Laura Dodsworth has published an excellent Q&A with Toby Green and Thomas Fazi about their new book The Covid Consensus: The Global Assault on Democracy and the Poor – A Critique From the Left. The authors explain that their purpose in writing is that “although many critics of the Covid policies have come from a Right-wing perspective, we wanted also to develop a critique from a Left-wing, internationalist and anti-neoliberal perspective. In a sense what this shows is that, while the question of COVID-19 has been politicised like almost nothing in history, the questions it raises go far beyond traditional party political frameworks.”
Here is an extract:
Q: You said that in the space of eighteen months, the response to COVID-19 had upended seventy-five years of democratic norms. Can you explain what you mean and again provide historical comparisons?
A: What we saw was the institutionalisation of what Giorgio Agamben and others have called the “state of exception”. The state of exception is when the norms of daily life are upended because of the arising of a crisis which is said to be so severe that political norms have to be suspended. The state of exception has in fact been a core element of political life in Western geopolitics. We saw it during the aftermath of 9/11, when certain aspects of daily life were restricted; and it has been seen far more often in places where Western political power has been exerted, in colonial Africa, and in Iraq and Afghanistan. But what has happened is that the state of exception took over Western political life completely: freedom of debate has been restricted, freedom of movement upended, norms supposedly safeguarded by Conventions on Human Rights (such as the right to a family life) trampled over — and all with no legal comeback, as the powers of the judiciary to intervene were also severely curtailed.
After such a shock to democracy, what happens next? In this case, as we put it in the book, it is on life-support. We have been able to write, research and publish this book, even if it is very difficult to get mainstream media to cover it. This shows that the tenets of democratic debate and discussion still exist. We are not under house arrest or worse.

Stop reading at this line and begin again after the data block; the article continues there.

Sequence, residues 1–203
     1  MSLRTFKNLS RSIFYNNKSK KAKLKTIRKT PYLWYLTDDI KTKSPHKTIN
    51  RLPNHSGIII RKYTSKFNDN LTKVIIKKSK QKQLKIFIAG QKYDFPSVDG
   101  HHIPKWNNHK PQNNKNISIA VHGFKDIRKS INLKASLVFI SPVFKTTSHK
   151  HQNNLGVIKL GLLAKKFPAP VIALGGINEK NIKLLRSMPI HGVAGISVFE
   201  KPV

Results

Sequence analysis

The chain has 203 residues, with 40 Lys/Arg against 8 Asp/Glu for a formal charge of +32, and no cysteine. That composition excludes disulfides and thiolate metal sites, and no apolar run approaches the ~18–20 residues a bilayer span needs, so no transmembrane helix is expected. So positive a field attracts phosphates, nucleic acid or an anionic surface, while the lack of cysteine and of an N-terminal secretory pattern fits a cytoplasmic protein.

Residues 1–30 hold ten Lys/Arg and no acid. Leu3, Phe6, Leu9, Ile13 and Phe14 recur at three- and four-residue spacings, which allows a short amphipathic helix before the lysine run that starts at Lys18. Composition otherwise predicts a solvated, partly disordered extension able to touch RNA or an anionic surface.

Nevertheless, we must recognise that the pandemic response has thrown up some severe questions about democracy in the (mis)information age: as we show in the book, misinformation has been the rule and not the exception, virtually on all sides. Since democracies rely on the theory of rational choice, which requires accurate information — if this no longer exists, then democracies are in trouble.
Q: You pointed out that the protests in Trieste, London, Paris, and Melbourne and the truckers’ protest in Canada were largely ignored by the mainstream press. The coverage of many aspects of Covid prompted me to question deeply for the first time, how much we trust the media to comprehensively and accurately report on world events. I believe we see something similar with coverage of purported anthropogenic climate change. Did Covid change your relationship of trust with the media? Can you think of other current and historical examples of media blackouts?
Again, this is one of those issues where the Covid crisis presents elements of continuity with the past, while also marking a radical turning point. Of course, anyone with a functioning brain has been aware of the deeply biased and pro-establishment reporting on the mainstream media for a long time now. However, the kind of propaganda campaign that we witnessed during the pandemic was unlike anything ever seen before.
Read More: Misinformation and Hate Speech Have Been Rife in the Past Three Years, But From Defenders of the Covid Consensus, Not Dissenters